A few kilometers further west, you will come across the Château d’Amboise. It is a royal palace and features a huge 360° balcony over the Loire Valley.
Famous for having been inhabited by François I, it also contains the tomb of Leonardo da Vinci in its chapel! It was at Le Clos Lucé, a manor house linked by an underground gallery, that Leonardo da Vinci spent the last days of his life and died in the arms of François I in 1519.
It’s a historic site not to be missed, as is a visit to its gardens with a good pastry in hand!
You probably already know it, as it’s the most visited castle in France after Versailles. And if you have never seen it, it’s time to spend an afternoon there. It is one of the most magnificent sites in the Loire Valley.
This former royal residence built in 1513 is nicknamed the Château des Dames because many women have contributed to its embellishment, including Diane de Poitiers and Catherine de Médicis, among other very impressive women.
Its history is also intertwined with that of the 20th century, as its monumental gallery which crosses the Cher (a tributary of the Loire) was transformed into a military hospital during the First World War.
Its gardens are also a place to visit with its flowering vegetable garden and its labyrinth.
If you only have one garden to visit, then the gardens at Villandry are for you. They’re among the most quintessential French formal gardens. Straight and true, not a single stem sticking out. Order in nature, with lots of colours and love. In fact, there’s a square called “amour”.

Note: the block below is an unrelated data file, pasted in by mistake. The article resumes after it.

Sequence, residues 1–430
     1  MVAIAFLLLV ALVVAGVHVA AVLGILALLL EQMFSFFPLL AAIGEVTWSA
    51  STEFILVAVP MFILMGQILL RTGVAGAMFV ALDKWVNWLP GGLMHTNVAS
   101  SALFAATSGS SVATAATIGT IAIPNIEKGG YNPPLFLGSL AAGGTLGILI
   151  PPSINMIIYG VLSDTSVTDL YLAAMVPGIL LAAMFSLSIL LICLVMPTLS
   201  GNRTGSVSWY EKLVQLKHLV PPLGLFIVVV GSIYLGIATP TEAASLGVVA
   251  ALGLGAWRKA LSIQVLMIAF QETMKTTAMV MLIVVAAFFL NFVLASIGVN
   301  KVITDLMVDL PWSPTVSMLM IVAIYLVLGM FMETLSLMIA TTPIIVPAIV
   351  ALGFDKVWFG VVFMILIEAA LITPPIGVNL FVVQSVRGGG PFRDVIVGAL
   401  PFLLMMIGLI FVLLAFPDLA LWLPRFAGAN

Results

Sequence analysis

You can wander around this immense property, the sun gardens, the water gardens (with its grandiose fountain), and even get lost in their giant labyrinth.
You can also have lunch in the restaurant adjoining the castle which is supplied by the vegetables grown in the castle’s gardens. A royal moment!
Often forgotten on guided tours of the Loire Valley castles, it is nevertheless a jewel to visit. Each corner of the castle has a turret. Its facades are made of chiseled stone reflecting on the water. The tufa rock is used in most of the castles in the Loire Valley.
If you are staying in the region for a night, try a night in a troglodyte dwelling – accommodations carved into the tufa rock. These are very typical along the banks of the Loire.
Your stay is coming to an end and you feel that there is a bit of magic missing? You stopped at the right castle! Yes, the castle of Ussé, known as Sleeping Beauty’s, is located in the Loire Valley. Charles Perrault was inspired to write his fairy tale there.
Another celebrity is linked to this castle, or at least to the exterior of the castle: The gardens were designed by Le Nôtre, the gardener of Versailles.
If you feel thirsty after all this traveling, stop at one of the many vineyards in the Loire Valley.
Loire Valley castles: the must-sees
1. Chambord: for its grandiosity, a giant of the Renaissance, a real must-see.
2. Blois: for its mix of styles and periods.
3. Cheverny: not to be missed, especially by families.
4. Chaumont-sur-Loire: for its summer festival.
5. Amboise and Clos Lucé: to learn all about Leonardo da Vinci.
6. Chenonceau: the second most visited castle in France.
7. Villandry: for its French formal gardens.
8. Azay-Le-Rideau: for its magnificent reflections on the water.
9. Ussé: to end your stay in magic.
Audrey has been a French teacher for more than ten years now, and a cheese-lover all her life. She comes from the west of France, and after living 2 years in Spain and 4 years in Oxford in England, she has just settled in the heart of France, in Auvergne, a land of cheese, rugby, Michelin tyres and ancient volcanoes. She definitely prefers the first one. She speaks French, Spanish and English and doesn’t intend to stop there! Find out more about her on her website and LinkedIn.